Blog of Joos Buijs

About personal things, process mining and the rest in life.

Posts Tagged ‘XES

ProM 5 versus ProM 6

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About Precisely a week ago I read the ‘How to Get Started With Prom‘ blog post on the Fluxicon Blog (err, ‘Capacitor‘). In this blog post Anne explains how an event log can be constructed, using Nitro in this case, then inspected and finally how a process model can be mined and animated using ProM. Overall, the blog post is very nice, as are all posts at the Fluxicon Blog.

There is however one thing I noticed when I was half-way the post: they use ProM 5! At first I thought, why? I mean, ProM 6 is ProM 6 after all, it’s not 4.5, it’s not 5.3, it’s 6! Therefore, it should be better than 5. Furthermore, Fluxicon, especially Christian, had a great influence in the development of ProM 6: Christian designed the new slick user interface of ProM 6 and also developed XES, the new event log standard on which ProM 6 is based (with backward compatibility with MXML which is used in ProM 5). Furthermore, ProM 6 uses ‘packages’ to wrap plug-ins. Packages can be installed and updated independently of the framework therefore allowing plug-ins to be updated by the authors independently of the release cycle of ProM 6.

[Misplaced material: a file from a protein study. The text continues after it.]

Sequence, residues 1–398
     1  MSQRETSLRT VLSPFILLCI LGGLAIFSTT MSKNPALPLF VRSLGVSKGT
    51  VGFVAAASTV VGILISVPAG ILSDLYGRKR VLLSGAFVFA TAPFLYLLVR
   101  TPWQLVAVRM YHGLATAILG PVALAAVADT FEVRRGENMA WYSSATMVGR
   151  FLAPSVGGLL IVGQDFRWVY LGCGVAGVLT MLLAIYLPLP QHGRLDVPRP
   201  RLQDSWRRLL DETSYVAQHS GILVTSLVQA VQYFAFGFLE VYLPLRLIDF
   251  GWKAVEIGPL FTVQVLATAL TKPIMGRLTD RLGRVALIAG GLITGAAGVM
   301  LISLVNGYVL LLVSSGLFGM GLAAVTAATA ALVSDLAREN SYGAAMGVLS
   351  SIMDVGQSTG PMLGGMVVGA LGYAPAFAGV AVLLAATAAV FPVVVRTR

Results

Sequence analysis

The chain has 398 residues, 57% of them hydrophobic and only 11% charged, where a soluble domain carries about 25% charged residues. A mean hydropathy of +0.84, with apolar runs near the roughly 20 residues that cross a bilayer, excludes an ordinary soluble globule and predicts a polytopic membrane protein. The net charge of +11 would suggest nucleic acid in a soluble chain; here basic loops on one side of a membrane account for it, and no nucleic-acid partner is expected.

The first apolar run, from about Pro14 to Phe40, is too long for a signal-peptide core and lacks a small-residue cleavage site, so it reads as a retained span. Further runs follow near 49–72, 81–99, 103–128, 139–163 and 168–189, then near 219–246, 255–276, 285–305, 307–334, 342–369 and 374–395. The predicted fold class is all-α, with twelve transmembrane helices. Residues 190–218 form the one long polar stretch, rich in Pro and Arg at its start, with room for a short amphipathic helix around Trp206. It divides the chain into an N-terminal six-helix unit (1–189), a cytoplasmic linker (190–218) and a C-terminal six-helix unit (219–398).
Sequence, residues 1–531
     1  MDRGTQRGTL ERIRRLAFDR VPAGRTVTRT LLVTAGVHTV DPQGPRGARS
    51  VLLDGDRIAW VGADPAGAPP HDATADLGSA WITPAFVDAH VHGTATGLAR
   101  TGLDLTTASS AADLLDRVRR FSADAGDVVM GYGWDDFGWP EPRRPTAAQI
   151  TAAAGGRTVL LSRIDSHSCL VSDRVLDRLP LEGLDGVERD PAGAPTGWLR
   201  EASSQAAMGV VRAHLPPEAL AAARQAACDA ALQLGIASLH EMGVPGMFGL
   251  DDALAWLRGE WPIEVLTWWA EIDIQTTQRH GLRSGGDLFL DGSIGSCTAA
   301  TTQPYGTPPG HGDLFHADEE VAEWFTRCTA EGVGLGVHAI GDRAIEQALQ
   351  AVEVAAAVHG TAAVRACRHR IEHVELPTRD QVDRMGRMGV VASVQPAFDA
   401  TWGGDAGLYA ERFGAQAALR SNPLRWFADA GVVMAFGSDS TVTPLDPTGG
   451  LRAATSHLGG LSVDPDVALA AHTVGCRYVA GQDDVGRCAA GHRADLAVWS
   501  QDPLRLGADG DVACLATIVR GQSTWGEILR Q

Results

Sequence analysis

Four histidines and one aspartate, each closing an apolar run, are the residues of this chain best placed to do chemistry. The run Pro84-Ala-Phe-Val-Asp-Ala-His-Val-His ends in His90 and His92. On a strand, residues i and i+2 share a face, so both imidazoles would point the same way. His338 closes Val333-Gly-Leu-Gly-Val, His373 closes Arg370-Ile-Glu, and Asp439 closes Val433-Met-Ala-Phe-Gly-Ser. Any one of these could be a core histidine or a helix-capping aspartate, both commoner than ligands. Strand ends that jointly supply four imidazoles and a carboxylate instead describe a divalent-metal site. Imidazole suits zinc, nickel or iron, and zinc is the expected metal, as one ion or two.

So, I wondered, why explain new users how ProM 5 works? Shouldn’t you point them to ProM 6? Let them use the newest process mining tool, the state-of-the-art, with all its improvements. I’m not saying that ProM 5 is bad, of course not, but ProM 6 is better. Or is it?

Of course, I could have emailed Anne this question and I would have received a reply but I want to make this a public discussion. Why/when would you use ProM 5 instead of ProM 6?

Well, I can give a couple of reasons but I would sure like to know yours. And, of course, especially Anne’s reasons for introducing ProM 5 to our new process miners instead of ProM 6.

So, in summary, I believe that the benefits of ProM 6 compared to ProM 5 are:

  • Better graphical interface which is nicer than the one of ProM 5. The main new feature of the GUI of ProM 6, in my opinion, is that it’s object based. A plug-in requires certain object (types) and produces certain others. This allows for dynamic ‘chaining’ of plug-ins, each plug-in taking the analysis one step further;
  • Separation between plug-in and ProM 6 framework. You can choose which plug-ins / packages to install and updates can be made more frequent and independent of the ProM 6 framework updates;